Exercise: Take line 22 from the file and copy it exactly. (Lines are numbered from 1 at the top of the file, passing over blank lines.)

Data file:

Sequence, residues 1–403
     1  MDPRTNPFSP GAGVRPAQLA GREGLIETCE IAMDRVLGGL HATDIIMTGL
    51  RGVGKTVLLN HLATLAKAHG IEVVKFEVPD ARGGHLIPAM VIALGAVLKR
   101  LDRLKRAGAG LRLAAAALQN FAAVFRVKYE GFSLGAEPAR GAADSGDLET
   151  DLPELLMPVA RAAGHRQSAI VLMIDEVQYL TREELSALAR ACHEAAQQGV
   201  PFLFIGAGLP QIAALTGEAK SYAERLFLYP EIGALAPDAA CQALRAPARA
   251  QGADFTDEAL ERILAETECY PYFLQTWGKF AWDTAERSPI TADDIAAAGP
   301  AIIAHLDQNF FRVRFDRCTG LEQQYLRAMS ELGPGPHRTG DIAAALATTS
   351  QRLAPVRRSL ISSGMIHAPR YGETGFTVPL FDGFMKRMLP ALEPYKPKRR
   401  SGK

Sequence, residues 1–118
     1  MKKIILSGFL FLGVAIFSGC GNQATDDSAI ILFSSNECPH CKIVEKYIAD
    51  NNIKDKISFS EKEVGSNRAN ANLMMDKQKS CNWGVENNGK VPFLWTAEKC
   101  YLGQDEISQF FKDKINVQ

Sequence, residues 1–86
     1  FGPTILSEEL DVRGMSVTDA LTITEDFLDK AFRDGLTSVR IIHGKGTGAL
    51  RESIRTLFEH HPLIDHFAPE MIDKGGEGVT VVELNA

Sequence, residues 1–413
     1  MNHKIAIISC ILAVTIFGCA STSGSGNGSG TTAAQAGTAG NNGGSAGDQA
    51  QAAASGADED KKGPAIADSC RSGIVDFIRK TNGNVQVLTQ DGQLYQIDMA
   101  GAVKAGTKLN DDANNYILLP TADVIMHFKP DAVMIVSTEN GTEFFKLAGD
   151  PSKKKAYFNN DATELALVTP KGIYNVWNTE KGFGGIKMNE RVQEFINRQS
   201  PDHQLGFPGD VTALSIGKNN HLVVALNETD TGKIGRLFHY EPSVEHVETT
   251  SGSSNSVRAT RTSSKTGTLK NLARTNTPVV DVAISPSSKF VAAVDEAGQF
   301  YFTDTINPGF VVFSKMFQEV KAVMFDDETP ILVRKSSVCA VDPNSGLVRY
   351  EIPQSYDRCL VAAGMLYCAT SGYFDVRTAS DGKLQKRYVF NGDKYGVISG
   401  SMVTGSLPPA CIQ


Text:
   151  PSKKKAYFNN DATELALVTP KGIYNVWNTE KGFGGIKMNE RVQEFINRQS